The Origins Of The Malagan Society

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The ancestry of the Malagan society begins with the discovery of the Australopithecus afarensis (A. afarensis) which split off and evolved into a group known as the Homo erectus (H. erectus) species which finally became the Archaic Homo sapiens (H. sapiens). As of today the Malagans are AMH’s or anatomically modern humans.
First species on the evolutionary timeline of the Malagans would be A. afarensis. A. afarensis fossil evidence was found in 2 sites. The first of those sites being Laetoli in northern Tanzania discovered by Mary Leaky and the second would be Hadar in Ethiopia in 1974 discovered by D.C. Johanson and M. Taieb during and international expedition. The Hadar discovery also uncovered “Lucy”, which was a nearly complete skeleton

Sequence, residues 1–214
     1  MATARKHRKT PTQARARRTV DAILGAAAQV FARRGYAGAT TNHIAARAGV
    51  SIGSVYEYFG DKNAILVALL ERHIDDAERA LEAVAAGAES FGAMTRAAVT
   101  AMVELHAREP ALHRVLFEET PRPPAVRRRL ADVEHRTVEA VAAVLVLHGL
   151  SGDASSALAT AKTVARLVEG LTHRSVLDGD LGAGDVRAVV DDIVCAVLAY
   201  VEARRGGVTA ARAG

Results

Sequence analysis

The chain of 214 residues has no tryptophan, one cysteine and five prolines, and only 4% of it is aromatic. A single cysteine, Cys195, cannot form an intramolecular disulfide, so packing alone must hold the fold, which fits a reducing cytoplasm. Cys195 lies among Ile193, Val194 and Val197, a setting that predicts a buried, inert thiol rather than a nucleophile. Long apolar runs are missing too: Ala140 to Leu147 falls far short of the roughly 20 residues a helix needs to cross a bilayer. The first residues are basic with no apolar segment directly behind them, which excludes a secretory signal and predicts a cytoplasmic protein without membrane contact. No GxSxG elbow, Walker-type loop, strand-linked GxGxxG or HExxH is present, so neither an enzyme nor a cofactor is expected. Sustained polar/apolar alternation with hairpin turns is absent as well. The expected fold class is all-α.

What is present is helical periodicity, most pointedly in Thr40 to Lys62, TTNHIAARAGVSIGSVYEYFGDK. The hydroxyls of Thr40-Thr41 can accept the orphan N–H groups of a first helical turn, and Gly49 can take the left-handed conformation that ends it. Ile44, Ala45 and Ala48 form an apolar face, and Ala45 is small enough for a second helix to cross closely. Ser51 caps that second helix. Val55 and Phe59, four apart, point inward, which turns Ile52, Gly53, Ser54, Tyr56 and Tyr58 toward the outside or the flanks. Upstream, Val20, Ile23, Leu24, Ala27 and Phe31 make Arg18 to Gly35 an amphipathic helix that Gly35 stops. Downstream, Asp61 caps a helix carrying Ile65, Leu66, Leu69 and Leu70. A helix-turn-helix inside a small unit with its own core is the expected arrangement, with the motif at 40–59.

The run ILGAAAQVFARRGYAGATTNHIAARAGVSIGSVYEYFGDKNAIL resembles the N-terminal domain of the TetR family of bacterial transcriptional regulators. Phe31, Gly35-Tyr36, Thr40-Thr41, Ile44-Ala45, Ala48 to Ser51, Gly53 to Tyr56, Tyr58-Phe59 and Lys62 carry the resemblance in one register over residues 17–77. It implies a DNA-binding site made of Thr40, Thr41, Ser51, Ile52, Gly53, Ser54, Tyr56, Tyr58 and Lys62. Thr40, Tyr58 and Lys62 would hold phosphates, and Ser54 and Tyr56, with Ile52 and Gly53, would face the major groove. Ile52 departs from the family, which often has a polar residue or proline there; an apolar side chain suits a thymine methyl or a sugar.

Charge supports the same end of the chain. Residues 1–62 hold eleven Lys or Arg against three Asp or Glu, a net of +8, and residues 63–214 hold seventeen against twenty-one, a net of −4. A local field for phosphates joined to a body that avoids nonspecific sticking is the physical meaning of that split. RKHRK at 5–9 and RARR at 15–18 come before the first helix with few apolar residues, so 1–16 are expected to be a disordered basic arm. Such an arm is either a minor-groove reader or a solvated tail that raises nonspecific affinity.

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H. erectus evolved from A. afarensis and lived from 1.9 million years ago until 300,000 year ago. (Kottak 9.1 Recap 189) A complete fossil of H. erectus found in West Turkana showed that the species had a cranial capacity of 900 cubed centimeters and had a modern body shape and height. (Kottak 182) The H. erectus was essentially modern as it was much larger and had longer legs than earlier hominins. It had a modern skeleton with a body and brain size more relative to H. sapiens rather than Australopithecus. (Kottak 185) These characteristics allowed for long distance migration which meant diverse environments. The species adapted to its diverse surrounding by learning to hunt and gather cooperatively. (Kottak 186) Another adaptation was tool use. H. erectus began using Lower Paleolithic tools known as Acheulean, named after the village of St. Acheul in France where they were found. They would repeatedly flake off pieces of rock in order to make sharp edges which would eventually become a hand axe shaped like a teardrop. These tools would be used for butchering tasks, wood working and even vegetable preparation. The fact that H. erectus were making tools such as these led archaeologists to believe that they had greater cognitive abilities than their ancestors. (Kottak 185) There is evidence provided from a site called Dmanisi that suggests the migration of early Homo species from Africa to Eurasia was rapid by 1.77 million years ago. The first fossil evidence of H. erectus was found in Kenya, Africa by Richard Leaky and was thought to have lived 1.6 million years ago. More fossil evidence of H. erectus was found in South Africa, probably as a result of forced migration due to lack of resources and glacial retreat during the Pleistocene epoch. (Kottak

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